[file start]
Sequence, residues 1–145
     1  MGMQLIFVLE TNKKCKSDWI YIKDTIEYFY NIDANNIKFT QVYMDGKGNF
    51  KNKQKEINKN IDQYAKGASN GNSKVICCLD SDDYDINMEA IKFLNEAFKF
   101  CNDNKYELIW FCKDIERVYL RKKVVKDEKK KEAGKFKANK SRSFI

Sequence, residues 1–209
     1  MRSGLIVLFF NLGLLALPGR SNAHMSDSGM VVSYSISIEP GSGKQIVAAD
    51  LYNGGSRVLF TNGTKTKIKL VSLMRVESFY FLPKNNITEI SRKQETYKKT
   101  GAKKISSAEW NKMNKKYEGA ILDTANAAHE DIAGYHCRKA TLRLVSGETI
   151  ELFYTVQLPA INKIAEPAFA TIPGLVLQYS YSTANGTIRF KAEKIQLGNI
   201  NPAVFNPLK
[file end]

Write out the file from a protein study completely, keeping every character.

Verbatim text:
Sequence, residues 1–145
     1  MGMQLIFVLE TNKKCKSDWI YIKDTIEYFY NIDANNIKFT QVYMDGKGNF
    51  KNKQKEINKN IDQYAKGASN GNSKVICCLD SDDYDINMEA IKFLNEAFKF
   101  CNDNKYELIW FCKDIERVYL RKKVVKDEKK KEAGKFKANK SRSFI

Sequence, residues 1–209
     1  MRSGLIVLFF NLGLLALPGR SNAHMSDSGM VVSYSISIEP GSGKQIVAAD
    51  LYNGGSRVLF TNGTKTKIKL VSLMRVESFY FLPKNNITEI SRKQETYKKT
   101  GAKKISSAEW NKMNKKYEGA ILDTANAAHE DIAGYHCRKA TLRLVSGETI
   151  ELFYTVQLPA INKIAEPAFA TIPGLVLQYS YSTANGTIRF KAEKIQLGNI
   201  NPAVFNPLK